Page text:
You got surveyed: Apple up, Samsung down


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The survey wheel has turned yet again and those who were down are up, those who were up are now down. Thusly, it is time to rush to the conclusion machine.

The Telegraph says: “It’s official: Samsungs are for old people.”

Any time you see the words “It’s official” in a headline you know one thing for sure: It is not in any way official.

Two years ago we were told that Apple was increasingly unpopular with teens and millenials and probably grade schoolers and, ugh, infants, don’t get the Macalope started on how much infants hate Apple products. Give one an iPhone and they’ll try to eat it. That’s how much they hate Apple products.

“Apple is an amazing brand, but it is waning with Millennials,” says Buzz Marketing Group’s Tina Wells…

Is it possible to sue for survey whiplash? Because that was in 2013 and here we are today:

The Korean company’s handsets are most favoured among the over-55s in Britain, while half of millennials own an iPhone.

OW, MY NECK. Of course, the truth of the matter is Buzz Marketing was wrong about Apple then and The Telegraph misunderstands some of this survey now.

Firstly, it’s a survey of only British people. No disrespect to the Empire, but not everyone is British. Benedict Cumberbatch is. Doctor Who. And the Queen, certainly. Also, maybe Hobbits? Tooks and Brandybucks are but only some Bagginses? Not sure how that works. But many others are not British. Like Dirk Benedict and Cher, just to name two and come up with what would have been an amazing late ‘80s TV special. That should have happened. Why didn’t that happen? Possibly Cold War politics. Second, the survey was of smartphone owners. While most millenials probably do own smartphones, it’s still incorrect to say half of all millenials own an iPhone when the people who don’t own smartphones aren’t included in your numbers.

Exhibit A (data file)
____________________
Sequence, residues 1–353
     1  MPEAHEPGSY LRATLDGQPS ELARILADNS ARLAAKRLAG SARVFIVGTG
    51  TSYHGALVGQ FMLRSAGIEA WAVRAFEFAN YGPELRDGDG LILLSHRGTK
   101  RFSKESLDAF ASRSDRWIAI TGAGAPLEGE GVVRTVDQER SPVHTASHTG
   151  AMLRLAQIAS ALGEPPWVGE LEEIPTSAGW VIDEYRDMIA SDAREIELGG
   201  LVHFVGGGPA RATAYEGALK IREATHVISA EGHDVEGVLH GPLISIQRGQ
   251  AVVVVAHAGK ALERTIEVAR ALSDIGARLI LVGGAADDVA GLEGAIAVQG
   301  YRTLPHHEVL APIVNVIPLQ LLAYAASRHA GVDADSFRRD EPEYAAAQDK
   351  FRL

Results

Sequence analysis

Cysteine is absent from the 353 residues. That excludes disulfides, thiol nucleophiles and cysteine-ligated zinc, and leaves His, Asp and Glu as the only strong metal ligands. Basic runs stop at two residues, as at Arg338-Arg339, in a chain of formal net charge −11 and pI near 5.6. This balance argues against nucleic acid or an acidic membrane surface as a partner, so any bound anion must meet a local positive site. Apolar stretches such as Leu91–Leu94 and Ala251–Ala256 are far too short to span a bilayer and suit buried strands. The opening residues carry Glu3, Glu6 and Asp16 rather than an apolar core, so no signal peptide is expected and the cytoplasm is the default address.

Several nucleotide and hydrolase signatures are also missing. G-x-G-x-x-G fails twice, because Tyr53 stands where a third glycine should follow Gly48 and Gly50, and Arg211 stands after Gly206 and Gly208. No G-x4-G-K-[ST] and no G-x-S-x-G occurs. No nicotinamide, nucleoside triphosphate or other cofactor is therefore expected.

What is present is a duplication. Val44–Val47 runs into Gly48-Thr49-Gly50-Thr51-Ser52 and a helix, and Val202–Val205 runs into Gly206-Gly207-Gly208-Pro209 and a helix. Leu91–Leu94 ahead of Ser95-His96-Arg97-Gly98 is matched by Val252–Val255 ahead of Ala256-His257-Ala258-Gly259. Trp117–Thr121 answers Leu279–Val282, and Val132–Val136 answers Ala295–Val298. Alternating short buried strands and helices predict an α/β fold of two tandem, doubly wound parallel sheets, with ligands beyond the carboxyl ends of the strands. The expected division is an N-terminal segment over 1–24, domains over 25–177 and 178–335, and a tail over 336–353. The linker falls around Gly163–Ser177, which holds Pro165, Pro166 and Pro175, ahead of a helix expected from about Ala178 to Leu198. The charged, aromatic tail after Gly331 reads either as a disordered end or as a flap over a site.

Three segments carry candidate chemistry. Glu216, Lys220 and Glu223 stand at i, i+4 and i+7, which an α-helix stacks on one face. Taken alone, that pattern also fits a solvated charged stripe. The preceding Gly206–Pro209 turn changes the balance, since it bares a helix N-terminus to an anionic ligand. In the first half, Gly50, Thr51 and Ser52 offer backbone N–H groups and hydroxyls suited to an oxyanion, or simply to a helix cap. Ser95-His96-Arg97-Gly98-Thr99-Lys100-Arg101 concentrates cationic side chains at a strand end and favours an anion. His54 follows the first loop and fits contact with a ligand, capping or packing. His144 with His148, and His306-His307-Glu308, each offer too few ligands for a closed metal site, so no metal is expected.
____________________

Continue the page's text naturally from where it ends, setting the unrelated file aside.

Samsung desperately wants to be hip.


When you look across age groups of those surveyed, the older the age group, the higher Samsung’s share. That is a true thing you can see from the data. This, however, is not:

As mobile users get older, they become less engaged with their smartphones.

They increasingly turn to knitting, listening to angry talk radio shows, and slowly decaying.

No. The survey is a point in time. It doesn’t take into account the aging of “mobile users,” finding they eventually get tired of online interaction and suddenly feel the urge to feed pigeons in the park. Today’s older demographic simply did not come up using mobile devices. Older people 20 years from now will probably prefer mobile devices to the brain implants that will surely be popular. “It’s all brain implants these days!” they’ll shout at dogs and bushes.

The same thing also probably explains why older people skew more toward Samsung, HTC and Nokia than younger users. Those devices tend to be cheaper and are pushed by carriers as replacements for feature phones. When you don’t place emphasis on mobile computing, you’re more likely to take whatever phone is cheaper.

So there you have it. Sorry Samsung, you’re just not as cool at the moment.

Old people cannot be cool. Seems kind of unfair as Samuel L. Jackson has been elegible for an AARP card for years but the Macalope doesn’t make the rules. People who write up surveys make the rules.

Well, the Macalope looks forward to being back here in two years when a third survey tells us, whoops, it’s actually Apple that’s not cool.

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